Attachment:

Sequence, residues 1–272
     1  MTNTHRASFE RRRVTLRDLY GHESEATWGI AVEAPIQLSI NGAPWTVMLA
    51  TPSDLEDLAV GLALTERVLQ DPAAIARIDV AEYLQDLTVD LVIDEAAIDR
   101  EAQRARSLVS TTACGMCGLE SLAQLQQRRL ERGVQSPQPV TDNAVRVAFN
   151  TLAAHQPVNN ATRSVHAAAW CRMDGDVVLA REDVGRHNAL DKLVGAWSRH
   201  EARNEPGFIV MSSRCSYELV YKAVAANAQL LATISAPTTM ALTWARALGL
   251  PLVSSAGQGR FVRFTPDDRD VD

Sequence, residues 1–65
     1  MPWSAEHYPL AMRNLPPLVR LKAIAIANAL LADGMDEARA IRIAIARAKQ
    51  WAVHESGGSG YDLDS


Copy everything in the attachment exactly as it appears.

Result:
Sequence, residues 1–272
     1  MTNTHRASFE RRRVTLRDLY GHESEATWGI AVEAPIQLSI NGAPWTVMLA
    51  TPSDLEDLAV GLALTERVLQ DPAAIARIDV AEYLQDLTVD LVIDEAAIDR
   101  EAQRARSLVS TTACGMCGLE SLAQLQQRRL ERGVQSPQPV TDNAVRVAFN
   151  TLAAHQPVNN ATRSVHAAAW CRMDGDVVLA REDVGRHNAL DKLVGAWSRH
   201  EARNEPGFIV MSSRCSYELV YKAVAANAQL LATISAPTTM ALTWARALGL
   251  PLVSSAGQGR FVRFTPDDRD VD

Sequence, residues 1–65
     1  MPWSAEHYPL AMRNLPPLVR LKAIAIANAL LADGMDEARA IRIAIARAKQ
    51  WAVHESGGSG YDLDS